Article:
For the first time in history, the United Arab Emirates will levy corporate income tax and residents, who earn more than 375,000 dirhams a year in profits (about $100,000). According to the authorities, this measure is adopted to support new, small and medium-sized businesses.
The new tax rate has received strong criticism in the offshore world. For many years, the UAE attracted companies from all over the world, thanks to its position as a tax-free hub. However, the government argues that this is one of the lowest corporate tax rates in the world. For example, the new tax rate is similar to that of Gibraltar and Montenegro. But it is below that of Ireland (12.5%).
The tax burden will be based only on profits and not on the total turnover of the person or company. An important detail is that this tax will not be applied on those earning salaries above 375,000 dirhams (about $100,000 at the current exchange rate).
In addition, the new corporate tax will also not affect the income of individuals from savings programs, investments, bank deposits or foreign exchange gains. The UAE will levy a corporate and personal income tax on profits derived from activities such as the sale or lease of real estate in the country.
Non-residents of the UAE will also have to pay corporate income tax, provided they have a business in the country. They will also have to pay on the income they obtain from the provision of services and the sale of goods within the Arab country.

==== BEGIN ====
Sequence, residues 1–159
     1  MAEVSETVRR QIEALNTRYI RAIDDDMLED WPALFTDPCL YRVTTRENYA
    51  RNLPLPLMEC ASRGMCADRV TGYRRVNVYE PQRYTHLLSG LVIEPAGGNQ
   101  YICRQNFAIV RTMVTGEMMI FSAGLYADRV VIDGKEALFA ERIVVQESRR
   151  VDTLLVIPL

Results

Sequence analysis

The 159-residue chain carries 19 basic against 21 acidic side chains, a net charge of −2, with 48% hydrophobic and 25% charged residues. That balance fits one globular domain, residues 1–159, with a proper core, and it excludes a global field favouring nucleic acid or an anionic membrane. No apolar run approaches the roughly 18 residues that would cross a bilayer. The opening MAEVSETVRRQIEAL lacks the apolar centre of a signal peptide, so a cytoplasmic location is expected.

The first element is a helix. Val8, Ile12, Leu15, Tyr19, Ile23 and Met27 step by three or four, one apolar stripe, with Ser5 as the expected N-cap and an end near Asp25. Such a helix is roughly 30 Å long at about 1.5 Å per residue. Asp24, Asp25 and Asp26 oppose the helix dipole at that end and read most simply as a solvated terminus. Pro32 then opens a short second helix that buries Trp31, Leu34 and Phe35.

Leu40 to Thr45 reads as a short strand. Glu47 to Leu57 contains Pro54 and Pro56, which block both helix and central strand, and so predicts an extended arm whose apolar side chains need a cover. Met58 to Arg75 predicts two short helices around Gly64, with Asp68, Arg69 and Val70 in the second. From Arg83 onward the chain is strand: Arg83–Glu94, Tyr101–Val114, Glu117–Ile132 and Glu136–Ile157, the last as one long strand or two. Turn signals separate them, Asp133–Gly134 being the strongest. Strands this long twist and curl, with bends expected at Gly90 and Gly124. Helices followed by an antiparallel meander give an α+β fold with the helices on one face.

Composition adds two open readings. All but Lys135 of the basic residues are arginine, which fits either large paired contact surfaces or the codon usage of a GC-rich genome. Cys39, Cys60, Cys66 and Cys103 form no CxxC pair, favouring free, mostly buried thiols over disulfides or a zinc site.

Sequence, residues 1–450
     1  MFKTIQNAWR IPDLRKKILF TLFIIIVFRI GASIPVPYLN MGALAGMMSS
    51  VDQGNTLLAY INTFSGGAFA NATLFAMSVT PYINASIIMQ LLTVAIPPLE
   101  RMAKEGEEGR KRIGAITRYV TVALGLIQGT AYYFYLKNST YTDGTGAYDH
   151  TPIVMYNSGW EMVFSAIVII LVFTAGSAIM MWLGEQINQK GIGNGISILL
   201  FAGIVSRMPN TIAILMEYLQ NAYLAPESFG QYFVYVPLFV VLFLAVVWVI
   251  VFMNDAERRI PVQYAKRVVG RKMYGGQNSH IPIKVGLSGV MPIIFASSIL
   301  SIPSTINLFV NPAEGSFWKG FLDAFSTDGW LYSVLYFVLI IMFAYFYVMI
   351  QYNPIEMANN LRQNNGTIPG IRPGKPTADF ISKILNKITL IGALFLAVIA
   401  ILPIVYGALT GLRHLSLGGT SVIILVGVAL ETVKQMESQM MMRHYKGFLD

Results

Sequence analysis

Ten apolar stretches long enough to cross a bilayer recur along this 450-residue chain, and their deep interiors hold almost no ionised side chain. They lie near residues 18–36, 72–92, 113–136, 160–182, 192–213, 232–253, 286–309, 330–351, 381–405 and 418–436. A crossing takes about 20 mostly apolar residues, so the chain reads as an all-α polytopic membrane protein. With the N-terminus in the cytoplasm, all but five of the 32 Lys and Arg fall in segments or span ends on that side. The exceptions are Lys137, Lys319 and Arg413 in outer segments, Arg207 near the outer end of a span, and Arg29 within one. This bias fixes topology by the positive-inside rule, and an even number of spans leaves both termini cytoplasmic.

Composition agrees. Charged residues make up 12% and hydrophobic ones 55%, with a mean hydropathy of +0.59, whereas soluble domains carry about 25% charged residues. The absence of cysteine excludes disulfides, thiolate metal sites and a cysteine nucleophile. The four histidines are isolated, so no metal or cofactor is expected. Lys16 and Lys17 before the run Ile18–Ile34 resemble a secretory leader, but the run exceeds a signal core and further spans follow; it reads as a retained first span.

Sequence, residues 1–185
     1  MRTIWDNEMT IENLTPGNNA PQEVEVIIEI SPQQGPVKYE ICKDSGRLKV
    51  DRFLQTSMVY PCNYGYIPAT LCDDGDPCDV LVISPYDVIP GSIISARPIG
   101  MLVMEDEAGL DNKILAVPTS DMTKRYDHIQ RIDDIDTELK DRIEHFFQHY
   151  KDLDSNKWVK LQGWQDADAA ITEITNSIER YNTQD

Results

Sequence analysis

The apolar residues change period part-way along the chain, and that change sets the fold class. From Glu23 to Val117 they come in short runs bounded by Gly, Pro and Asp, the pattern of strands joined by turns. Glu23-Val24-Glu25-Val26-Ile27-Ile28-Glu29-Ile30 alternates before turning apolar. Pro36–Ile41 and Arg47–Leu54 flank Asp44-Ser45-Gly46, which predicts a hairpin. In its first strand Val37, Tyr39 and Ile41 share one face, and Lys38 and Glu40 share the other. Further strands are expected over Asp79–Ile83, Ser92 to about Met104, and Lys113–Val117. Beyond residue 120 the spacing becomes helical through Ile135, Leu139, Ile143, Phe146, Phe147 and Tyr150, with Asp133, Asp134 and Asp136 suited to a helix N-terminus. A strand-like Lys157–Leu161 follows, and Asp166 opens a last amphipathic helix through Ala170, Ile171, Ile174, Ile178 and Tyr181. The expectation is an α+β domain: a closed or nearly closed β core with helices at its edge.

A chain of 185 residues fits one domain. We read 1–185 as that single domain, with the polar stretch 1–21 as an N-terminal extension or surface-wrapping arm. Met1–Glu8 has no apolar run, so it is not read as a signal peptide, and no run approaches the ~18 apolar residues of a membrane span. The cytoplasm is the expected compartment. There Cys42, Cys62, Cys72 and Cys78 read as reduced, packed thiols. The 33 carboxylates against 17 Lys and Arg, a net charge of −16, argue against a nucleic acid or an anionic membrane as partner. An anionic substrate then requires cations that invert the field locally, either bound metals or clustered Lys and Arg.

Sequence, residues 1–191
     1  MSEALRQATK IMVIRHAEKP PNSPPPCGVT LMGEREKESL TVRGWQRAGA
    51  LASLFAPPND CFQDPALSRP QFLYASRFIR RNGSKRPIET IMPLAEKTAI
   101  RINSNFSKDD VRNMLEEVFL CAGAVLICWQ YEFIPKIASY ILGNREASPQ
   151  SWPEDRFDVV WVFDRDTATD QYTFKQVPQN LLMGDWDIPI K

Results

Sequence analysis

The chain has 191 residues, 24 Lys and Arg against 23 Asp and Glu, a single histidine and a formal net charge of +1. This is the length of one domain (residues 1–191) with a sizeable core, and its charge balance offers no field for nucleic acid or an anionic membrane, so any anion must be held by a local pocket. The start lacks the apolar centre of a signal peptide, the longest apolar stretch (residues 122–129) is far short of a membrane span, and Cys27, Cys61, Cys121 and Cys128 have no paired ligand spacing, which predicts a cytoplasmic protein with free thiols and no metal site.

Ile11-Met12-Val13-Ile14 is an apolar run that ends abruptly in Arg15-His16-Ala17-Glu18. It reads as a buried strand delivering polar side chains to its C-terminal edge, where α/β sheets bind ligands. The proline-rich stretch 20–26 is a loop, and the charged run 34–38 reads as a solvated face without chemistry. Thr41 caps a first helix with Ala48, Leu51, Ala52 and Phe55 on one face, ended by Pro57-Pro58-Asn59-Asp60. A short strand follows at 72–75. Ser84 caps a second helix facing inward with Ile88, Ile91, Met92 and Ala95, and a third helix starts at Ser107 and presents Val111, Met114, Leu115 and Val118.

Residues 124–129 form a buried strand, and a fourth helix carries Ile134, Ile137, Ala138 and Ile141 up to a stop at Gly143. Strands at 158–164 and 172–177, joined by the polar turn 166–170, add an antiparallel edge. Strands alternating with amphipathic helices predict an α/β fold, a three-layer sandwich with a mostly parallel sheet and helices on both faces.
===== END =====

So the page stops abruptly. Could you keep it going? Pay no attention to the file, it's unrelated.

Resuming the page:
Profits earned by non-residents from the operations of ships and aircraft, in the international space, will not be subject to the tax. Foreign investors not doing business in the country will also not pay the tax.
Other entities that will not be subject to corporate income tax are free zone entities. To receive this exemption they will have to comply with the conditions stated in the Executive Regulations of the UAE Corporate Tax Law.
In addition, companies engaged in natural resource extraction are also exempted from paying corporate income tax; however, they must still pay other taxes set by the country.
With the entry into force of the new corporate tax, individuals and companies registered in the UAE will be required to keep accounting records for a period of seven years.
From June 1, the United Arab Emirates will levy corporate income tax and the annual return will have to be completed within a maximum of nine months after the end of the tax period.